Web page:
3. Yorker contends that the trial court erred in allowing the State to introduce evidence of his bond hearing testimony because it compelled him to incriminate himself. However, "[a]bsent objections grounded on the Fifth Amendment at the bail hearing, the decision of defense counsel to bring the extraneous issue of guilt or innocence into the bail proceeding [does] not preclude, on Fifth Amendment grounds, use of incriminating testimony given at the bail hearing." Cowards v. State, 266 Ga. 191, 193(2), 465 S.E.2d 677 (1996). Accordingly, the trial court did not err in admitting the bond hearing testimony.

4. In three separate enumerations of error, Yorker complains that the trial court erred in allowing into evidence, following a Jackson-Denno[3] hearing, his custodial statements because they were not freely and voluntarily made. Yorker maintains that the statements were involuntary because he was a juvenile, under duress, operating under insufficient sleep, and was without the aid of counsel and did not totally understand the consequences of his interrogation.

A trial court's conclusions of fact and credibility following a Jackson-Denno hearing are to be accepted unless clearly erroneous. Berry v. State, 254 Ga. 101, 104(1), 326 S.E.2d 748 (1985); Sanborn v. State, 251 Ga. 169, 170(2), 304 S.E.2d 377 (1983). Here the trial court found that Yorker was advised of each of his Miranda[4] rights, that he understood them, that he voluntarily waived them, and that he thereafter gave his statement freely and voluntarily without any hope of benefit or fear of injury. Evidence presented at the hearing established that: Yorker was sixteen, had completed ninth grade, and could read and write at the time of the interrogation; Yorker's Miranda rights were read to him prior to the interrogation and he was informed that he was being detained in connection with a specific shooting; Yorker and his mother signed a written waiver and at no point did they request the interrogation to stop; a representative from the Department of Children and Youth Services was present during the interrogation, which lasted forty-five minutes to an hour, and that during the interrogation, Yorker never repudiated his statements. The evidence supports the trial court's finding that the statements were voluntary. Thus, there was no error in the trial court's ruling in favor of admissibility. Head v. State, 262 Ga. 795, 796(3), 426 S.E.2d 547 (1993); Blackwell v. State, 259 Ga. 810, 811(2), 388 S.E.2d 515 (1990).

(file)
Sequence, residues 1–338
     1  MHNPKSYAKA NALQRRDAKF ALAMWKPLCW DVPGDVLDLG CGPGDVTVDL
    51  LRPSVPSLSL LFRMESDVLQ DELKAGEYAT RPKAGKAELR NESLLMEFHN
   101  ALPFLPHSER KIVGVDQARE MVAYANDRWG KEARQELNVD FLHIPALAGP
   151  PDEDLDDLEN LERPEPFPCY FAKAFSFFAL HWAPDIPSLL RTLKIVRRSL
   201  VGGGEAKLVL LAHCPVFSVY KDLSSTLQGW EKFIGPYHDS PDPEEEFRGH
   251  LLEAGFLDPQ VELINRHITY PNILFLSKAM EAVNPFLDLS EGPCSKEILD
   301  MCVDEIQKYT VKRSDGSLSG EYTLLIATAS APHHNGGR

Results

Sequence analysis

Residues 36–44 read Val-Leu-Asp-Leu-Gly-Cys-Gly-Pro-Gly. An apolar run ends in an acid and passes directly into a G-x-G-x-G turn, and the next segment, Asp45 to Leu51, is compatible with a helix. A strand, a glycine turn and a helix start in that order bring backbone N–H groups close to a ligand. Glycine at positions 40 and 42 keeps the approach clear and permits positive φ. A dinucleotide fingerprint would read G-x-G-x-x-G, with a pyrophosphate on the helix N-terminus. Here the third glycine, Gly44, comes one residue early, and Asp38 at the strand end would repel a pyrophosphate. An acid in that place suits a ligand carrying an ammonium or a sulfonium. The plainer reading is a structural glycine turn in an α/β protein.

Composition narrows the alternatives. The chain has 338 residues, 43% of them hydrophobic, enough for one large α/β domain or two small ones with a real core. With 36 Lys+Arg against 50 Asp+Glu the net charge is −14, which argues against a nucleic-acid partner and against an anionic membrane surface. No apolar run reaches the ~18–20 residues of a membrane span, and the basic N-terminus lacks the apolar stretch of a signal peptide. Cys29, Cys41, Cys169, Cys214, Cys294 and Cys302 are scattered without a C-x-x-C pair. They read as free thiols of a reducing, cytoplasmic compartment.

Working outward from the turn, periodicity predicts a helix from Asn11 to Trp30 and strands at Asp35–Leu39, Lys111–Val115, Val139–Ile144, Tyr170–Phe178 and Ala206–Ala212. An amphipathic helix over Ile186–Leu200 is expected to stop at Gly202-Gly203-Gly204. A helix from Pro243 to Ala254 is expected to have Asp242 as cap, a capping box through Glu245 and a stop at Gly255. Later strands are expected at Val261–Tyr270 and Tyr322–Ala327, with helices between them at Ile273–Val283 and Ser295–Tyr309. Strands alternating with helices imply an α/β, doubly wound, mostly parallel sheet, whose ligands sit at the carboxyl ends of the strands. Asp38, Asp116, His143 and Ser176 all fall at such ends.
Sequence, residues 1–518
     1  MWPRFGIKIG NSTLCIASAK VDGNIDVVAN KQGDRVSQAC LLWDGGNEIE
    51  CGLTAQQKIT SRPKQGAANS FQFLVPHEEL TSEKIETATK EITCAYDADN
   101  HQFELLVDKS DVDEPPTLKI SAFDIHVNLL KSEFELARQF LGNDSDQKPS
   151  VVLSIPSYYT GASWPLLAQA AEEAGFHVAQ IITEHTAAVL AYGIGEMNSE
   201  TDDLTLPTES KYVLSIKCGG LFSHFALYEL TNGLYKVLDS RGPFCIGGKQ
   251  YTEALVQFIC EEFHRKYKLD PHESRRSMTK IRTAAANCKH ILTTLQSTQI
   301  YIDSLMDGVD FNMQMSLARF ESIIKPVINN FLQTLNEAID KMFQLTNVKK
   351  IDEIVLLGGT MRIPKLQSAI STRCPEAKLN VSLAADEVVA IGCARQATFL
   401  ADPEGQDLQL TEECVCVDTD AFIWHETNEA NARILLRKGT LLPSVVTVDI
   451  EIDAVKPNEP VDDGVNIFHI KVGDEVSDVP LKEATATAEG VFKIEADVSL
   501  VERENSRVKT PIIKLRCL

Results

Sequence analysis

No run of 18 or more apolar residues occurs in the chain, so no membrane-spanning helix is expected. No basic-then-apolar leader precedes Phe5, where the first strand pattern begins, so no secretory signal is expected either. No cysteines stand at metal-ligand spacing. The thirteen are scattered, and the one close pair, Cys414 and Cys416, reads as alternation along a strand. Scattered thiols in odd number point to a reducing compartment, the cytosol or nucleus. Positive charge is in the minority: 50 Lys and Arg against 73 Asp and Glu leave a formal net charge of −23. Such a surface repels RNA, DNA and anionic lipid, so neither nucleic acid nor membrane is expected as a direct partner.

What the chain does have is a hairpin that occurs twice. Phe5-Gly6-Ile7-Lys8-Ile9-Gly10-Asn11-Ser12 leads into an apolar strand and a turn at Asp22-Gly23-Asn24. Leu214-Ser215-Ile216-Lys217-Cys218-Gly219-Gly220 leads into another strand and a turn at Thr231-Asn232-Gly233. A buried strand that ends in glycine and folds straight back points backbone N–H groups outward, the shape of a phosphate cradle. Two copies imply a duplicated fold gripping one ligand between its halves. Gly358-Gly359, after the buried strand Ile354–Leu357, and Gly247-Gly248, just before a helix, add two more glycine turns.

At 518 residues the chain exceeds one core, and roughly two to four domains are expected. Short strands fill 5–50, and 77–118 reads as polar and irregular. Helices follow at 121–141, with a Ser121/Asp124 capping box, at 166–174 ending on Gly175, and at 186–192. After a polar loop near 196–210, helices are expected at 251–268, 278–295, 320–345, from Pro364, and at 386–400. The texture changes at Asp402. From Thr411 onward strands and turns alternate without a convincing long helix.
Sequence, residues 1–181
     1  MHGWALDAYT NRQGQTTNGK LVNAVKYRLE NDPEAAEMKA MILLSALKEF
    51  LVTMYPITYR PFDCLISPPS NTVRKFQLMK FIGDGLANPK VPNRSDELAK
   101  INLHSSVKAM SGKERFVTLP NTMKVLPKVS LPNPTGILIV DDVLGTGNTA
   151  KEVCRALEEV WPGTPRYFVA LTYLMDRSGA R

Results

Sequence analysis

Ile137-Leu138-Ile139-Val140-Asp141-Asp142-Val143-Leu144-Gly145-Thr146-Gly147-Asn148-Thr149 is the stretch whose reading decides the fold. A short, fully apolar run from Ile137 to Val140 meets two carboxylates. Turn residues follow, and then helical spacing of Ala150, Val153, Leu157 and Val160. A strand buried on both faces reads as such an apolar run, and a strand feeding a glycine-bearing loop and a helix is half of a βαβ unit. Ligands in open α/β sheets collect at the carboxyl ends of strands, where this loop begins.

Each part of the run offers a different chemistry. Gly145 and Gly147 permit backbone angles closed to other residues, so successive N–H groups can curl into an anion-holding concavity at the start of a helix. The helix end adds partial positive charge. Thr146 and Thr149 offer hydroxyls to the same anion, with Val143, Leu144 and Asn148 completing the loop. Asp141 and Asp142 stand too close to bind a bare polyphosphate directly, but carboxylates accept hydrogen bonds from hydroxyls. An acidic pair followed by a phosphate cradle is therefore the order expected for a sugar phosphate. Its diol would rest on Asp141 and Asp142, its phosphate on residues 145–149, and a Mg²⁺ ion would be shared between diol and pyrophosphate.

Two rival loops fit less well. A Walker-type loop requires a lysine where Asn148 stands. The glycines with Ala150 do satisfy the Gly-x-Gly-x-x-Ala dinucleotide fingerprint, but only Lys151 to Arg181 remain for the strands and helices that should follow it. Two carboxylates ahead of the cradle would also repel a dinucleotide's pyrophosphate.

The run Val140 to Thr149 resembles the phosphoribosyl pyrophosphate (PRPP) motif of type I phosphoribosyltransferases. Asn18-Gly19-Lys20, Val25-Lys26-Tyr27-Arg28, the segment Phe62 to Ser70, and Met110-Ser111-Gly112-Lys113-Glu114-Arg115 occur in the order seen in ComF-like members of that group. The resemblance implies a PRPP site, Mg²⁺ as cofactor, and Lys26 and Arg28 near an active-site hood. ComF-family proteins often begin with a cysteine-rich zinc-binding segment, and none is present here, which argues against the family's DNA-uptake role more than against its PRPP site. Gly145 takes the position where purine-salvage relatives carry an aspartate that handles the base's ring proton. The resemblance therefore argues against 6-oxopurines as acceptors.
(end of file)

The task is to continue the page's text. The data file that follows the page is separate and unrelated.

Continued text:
Judgment affirmed.

All the Justices concur, except SEARS, J., who concurs in the judgment only.


[1] The murder occurred on October 16, 1993. Yorker was indicted on February 1, 1994, for the malice murder of Danielly and three counts of aggravated assault against other individuals. The jury returned its verdict on August 5, 1994 finding Yorker guilty of malice murder and not guilty of the aggravated assault charges. Yorker was sentenced on the same day. His motion for new trial, filed September 6, 1994, was denied on July 17, 1995. The notice of appeal was filed August 21, 1995, and the case was docketed in this Court on October 25, 1995. The appeal was submitted for decision on December 18, 1995.

[2] Batson v. Kentucky, 476 U.S. 79, 106 S. Ct. 1712, 90 L. Ed. 2d 69 (1986).

[3] Jackson v. Denno, 378 U.S. 368, 84 S. Ct. 1774, 12 L. Ed. 2d 908 (1964).

[4] Miranda v. Arizona, 384 U.S. 436, 86 S. Ct. 1602, 16 L. Ed. 2d 694 (1966).